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What does the Regulatory Initiatives Grid tell us about the future of regulation?

On 7 May 2020, the Financial Services Regulatory Initiatives Forum (the Forum) announced that the Regulatory Initiatives Grid (the Grid) had been launched ahead of its summer 2020 release date. The Grid aims to provide financial institutions (FIs) with a horizon scanning tool for regulatory change over the next two years. It has been released ahead of schedule given the current COVID-19 pandemic, with a view to ease regulatory burden and better equip firms to plan for the future. As noted in the Foreword by the Forum’s co-chairs, “The financial services industry needs a clear understanding of the regulatory pipeline. This is important in usual times. But it is vital in a crisis.”

While the Grid is not fully comprehensive (it doesn’t contain cross-jurisdictional or smaller regulatory changes), it does cover substantial regulatory events that might require significant operational planning for financial institutions. But what does the Grid actually tell us about future regulatory change? Does it provide clarity amidst the current sea of uncertainty?

The calm before the storm: regulation on hold

Regulatory events within the Grid are separated into three time periods:

  • Near-term (from now through to summer);
  • Medium-term (end of summer to March 2021); and
  • Longer-term (April 2021 onwards)

The near-term priority for regulators and financial institutions alike is, of course, responding to the impact of COVID-19 and attempting to mitigate its negative effects. The near-term period therefore looks to be relatively quiet across the regulatory landscape as forum members take steps to postpone existing events to free up operational capacity.

This quieter near-term period has a knock-on effect on the medium-term. As numerous consultation periods are moved to October, there is the potential for “a substantial volume of policy” to be finalised later in the year. Firms will need to keep abreast of any potential implementation dates – especially given that it coincides with the end of the transitional period for the UK’s exit from the European Union. Many of these dates within this period are unconfirmed and may be subject to change in the future, depending on the path that the regulators and the Government take over the coming weeks and months. As such, the Grid still leaves a degree of uncertainty around the planning of policy finalisation and implementation dates, which the Forum “will continue to review”.

Continued uncertainty

It is interesting to note that the Forum has released the Grid ahead of schedule in a bid to provide clarity and certainty to financial institutions’ future plans. But with many of the regulatory event dates still under review the level of certainty provided is questionable. FIs will need to continually monitor the Grid and the movements of financial regulators to ensure they do not miss date changes. Firms that continue to use manual processes and large teams to conduct these searches will still find themselves hard pushed to keep up.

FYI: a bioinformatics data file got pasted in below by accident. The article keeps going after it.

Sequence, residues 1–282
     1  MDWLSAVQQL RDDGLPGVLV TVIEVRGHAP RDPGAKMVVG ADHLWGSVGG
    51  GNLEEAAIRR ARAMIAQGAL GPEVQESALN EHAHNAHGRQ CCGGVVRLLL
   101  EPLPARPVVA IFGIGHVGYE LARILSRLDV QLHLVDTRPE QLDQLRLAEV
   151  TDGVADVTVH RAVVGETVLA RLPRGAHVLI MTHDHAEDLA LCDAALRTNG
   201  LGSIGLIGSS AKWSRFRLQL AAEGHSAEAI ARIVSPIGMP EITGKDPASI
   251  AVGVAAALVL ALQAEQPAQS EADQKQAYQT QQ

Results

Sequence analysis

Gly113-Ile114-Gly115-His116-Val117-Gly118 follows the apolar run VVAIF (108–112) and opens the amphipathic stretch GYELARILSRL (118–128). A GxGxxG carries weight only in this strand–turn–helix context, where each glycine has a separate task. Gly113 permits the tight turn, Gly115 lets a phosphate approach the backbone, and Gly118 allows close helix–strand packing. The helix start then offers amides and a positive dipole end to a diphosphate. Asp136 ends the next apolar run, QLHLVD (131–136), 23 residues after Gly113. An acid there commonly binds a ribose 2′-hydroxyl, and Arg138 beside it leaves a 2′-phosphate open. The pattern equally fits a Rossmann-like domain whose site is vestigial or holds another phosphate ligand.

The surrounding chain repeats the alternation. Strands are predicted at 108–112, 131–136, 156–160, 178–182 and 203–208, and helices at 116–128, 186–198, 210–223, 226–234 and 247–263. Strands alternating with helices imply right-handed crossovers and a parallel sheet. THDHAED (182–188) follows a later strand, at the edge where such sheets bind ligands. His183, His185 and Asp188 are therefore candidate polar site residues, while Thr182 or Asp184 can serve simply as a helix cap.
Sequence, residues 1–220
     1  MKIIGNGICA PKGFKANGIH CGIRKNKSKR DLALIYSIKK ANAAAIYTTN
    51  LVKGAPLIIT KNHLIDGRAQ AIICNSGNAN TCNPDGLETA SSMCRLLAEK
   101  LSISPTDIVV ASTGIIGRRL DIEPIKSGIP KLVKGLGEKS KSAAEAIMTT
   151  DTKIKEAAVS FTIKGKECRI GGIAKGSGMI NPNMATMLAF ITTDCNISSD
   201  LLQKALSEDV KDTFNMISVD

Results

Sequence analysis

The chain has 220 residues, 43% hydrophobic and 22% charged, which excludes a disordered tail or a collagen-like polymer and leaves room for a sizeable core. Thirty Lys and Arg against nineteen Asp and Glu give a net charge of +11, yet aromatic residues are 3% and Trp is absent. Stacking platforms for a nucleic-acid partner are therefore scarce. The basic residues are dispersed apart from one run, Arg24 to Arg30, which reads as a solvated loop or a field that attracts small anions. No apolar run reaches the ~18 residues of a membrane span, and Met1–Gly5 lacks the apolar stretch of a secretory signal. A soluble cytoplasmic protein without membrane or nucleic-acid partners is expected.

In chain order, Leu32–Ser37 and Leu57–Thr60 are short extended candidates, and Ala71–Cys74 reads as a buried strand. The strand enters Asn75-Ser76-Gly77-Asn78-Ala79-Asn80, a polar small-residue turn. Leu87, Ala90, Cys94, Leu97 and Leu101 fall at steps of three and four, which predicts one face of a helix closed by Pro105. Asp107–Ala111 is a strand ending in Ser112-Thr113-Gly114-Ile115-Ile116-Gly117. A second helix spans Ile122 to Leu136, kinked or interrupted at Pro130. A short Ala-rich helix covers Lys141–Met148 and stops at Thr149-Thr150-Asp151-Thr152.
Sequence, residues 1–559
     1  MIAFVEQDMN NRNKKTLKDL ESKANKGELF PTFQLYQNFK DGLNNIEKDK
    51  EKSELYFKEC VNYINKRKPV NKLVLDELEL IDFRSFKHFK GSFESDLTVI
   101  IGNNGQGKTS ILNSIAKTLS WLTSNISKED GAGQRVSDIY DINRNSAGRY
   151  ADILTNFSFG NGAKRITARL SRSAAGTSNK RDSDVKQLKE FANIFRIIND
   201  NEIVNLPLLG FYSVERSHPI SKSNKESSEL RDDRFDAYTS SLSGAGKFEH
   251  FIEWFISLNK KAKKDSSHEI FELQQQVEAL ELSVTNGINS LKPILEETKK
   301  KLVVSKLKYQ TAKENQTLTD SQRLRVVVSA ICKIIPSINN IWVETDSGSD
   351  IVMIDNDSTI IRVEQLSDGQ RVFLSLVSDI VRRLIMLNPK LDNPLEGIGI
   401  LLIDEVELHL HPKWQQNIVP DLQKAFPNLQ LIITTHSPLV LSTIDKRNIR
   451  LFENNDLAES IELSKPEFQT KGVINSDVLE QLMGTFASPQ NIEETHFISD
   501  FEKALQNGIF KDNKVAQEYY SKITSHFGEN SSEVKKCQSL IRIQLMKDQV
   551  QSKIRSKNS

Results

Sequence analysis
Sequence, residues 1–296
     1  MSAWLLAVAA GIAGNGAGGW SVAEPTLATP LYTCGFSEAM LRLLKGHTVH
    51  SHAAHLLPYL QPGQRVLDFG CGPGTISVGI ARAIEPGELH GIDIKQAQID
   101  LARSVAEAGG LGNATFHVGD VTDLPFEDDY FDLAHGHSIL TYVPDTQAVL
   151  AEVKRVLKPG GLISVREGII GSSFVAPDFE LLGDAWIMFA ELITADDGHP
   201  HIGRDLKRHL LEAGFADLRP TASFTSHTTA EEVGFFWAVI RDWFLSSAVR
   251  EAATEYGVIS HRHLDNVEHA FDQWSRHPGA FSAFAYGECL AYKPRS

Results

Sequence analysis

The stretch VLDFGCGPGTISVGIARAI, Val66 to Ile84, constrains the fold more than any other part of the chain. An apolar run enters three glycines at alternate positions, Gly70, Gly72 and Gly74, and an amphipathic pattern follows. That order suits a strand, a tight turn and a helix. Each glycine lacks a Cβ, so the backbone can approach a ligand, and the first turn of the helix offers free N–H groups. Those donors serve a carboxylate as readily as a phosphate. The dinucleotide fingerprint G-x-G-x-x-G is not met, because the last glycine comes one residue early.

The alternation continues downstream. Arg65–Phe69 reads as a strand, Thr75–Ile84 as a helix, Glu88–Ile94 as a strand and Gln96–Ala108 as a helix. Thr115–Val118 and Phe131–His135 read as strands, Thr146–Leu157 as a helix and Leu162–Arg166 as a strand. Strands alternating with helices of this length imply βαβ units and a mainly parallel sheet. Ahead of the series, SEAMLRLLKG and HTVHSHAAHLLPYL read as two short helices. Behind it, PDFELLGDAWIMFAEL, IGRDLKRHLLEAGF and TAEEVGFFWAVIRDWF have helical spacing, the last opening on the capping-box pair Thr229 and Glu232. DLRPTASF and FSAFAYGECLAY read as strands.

Looking then to the longer-term, the degree of certainty provided is unclear as the Forum notes it will “remain the subject of further consideration in both the international and domestic arenas”. For now, FIs can take solace in the fact that the lead times of many substantial regulatory changes and implementations has been extended – particularly those that address globally agreed regulatory objectives or the UK’s implementation of international standards. For now, at least, there is some breathing space.

No replacement for change management 

The Grid shows that UK regulators across the board are aware of the regulatory challenges that financial institutions are subject to and is a firm sign that they are serious about ensuring firms are keeping on top of regulatory changes. It goes some way to enabling and aiding the change management process. However, it is a small step in an industry that is inundated by constant changes.

The Grid is not comprehensive and only covers substantial changes from UK regulators. It does not cover changes across jurisdictions, or those smaller, less operational changes which are harder to spot. Firms will need to trace and track these regulations through their existing processes – a task that can be time-consuming and cumbersome if using manual methods.

While the Grid is a helpful tool, the industry should not lose sight of the fact that this is yet another regulatory source that change management teams will need to add to their repertoire and manage systematically. Without an automated change management platform in place, the process of keeping abreast of these changes will remain complex and potentially labour intensive.

 

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